Dirty Rotten Cheater



Brian Conley


BBC One/Two, 15 October to 16 November 2007 (20 episodes in 1 series)

(Transferred to BBC Two for last 5 episodes - see Trivia below)


The BBC continue to "innovate", buying in this format that's essentially the same idea as one they dumped after one series in 2002 - namely, The Enemy Within.

Contestants answer Family Fortunes-style survey questions, such as "What do women do better than men?", with the cheater given the answers by the producers via a secret screen in their podium. The most obvious answer scores £100, up to £1000 for the most lateral. Each contestant is given a chance at answering once.

"It could be YOU!" - Brian Conley is your host.

Similar to Traitor, contestants are given the opportunity to vote off contestants who they suspect of cheating. A majority vote is needed. If they are correct, all well and good and the cheater leaves the set and joins the "Losers Lounge" (what is this, Celebrity Poker Showdown?) If they are wrong, the innocent player still leaves the game empty-handed and the money of the remaining players is halved. If they can't agree, everyone still loses half their money and the cheater gets to eliminate who he or she likes by pressing a secret button.

Repeat as above until three players are left. (If ever the cheater is found successfully, a new cheater is appointed.) For the next round, three different questions are asked in turn and the audience get the chance to identify the cheater. Before the vote, each player gets the opportunity to convince the audience. No money is lost if the audience guess wrongly, but whoever they vote for goes out of the game. One final question is played with the final two players, with two guesses each, and again the audience vote for the cheater after each contestant pleads to the audiences for 15 seconds and the losers in the Lounge are consulted on what they think.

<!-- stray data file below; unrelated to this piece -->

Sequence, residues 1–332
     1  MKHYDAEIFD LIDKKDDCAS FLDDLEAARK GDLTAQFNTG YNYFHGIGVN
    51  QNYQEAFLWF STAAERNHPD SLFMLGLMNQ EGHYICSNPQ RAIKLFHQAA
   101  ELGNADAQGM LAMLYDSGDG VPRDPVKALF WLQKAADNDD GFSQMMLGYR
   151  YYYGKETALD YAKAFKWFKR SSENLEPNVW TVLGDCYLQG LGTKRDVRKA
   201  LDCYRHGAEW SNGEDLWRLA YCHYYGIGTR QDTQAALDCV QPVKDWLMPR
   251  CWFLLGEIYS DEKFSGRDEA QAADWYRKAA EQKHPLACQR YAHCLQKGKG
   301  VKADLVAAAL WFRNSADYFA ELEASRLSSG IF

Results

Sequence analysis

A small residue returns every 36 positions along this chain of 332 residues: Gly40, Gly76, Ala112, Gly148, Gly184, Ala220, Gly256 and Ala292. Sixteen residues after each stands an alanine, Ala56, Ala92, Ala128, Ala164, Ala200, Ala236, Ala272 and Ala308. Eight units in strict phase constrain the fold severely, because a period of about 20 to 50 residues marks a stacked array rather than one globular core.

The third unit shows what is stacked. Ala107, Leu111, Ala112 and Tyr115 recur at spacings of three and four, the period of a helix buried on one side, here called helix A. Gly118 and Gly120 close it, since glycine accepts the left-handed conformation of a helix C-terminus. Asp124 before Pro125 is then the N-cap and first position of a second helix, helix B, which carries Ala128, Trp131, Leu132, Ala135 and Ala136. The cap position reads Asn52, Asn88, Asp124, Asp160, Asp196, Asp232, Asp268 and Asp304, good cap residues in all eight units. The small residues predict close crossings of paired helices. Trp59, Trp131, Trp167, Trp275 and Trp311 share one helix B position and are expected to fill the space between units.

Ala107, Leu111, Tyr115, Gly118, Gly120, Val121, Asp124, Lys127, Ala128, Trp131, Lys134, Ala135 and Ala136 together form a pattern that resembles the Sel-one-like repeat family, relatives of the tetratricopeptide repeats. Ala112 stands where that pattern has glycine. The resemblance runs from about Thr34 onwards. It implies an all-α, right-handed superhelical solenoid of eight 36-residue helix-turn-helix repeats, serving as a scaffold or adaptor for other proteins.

Brian Conley with a wonga.

The DRC is then revealed. The contestants move forward to two columns containing their money. The cheater puts their hand in to grab the cash - if they fooled the audience, they can take it. If they didn't, the money falls through a trapdoor and the other remaining player can take whatever they took forward into this round. No mention is made of the percentage vote, sadly.

Like Identity, the format is fair - although the later rounds are too short and could do with more iterations around the block - but the technical execution is poor. The huge text scrolling across the back of the set is jerky and looks horribly pixellated in medium shots. The musical stings and lighting changes look badly planned and add no atmosphere other than that of amateurism. The theme music uses lots of annoying, unconvincing, parpy trumpet noises. The reveals are done in a very eggy way. There's just a lot of small mistakes adding up to a rather large molehill.


Based on the US show format created by Jonathan Goodson Productions and supplied by Distraction Formats.

Theme music

Grant Buckerfield


The show originally aired in a 2.35pm slot on BBC One for the first 15 episodes from 15 October to 2 November before it was moved to a 2pm slot on BBC Two for the last 5 episodes from 12 to 16 November.

Web links

BBC programme page

See also

The Enemy Within

Weaver's Week, 26 April 2003 for a description of the original US format, and of the UK version


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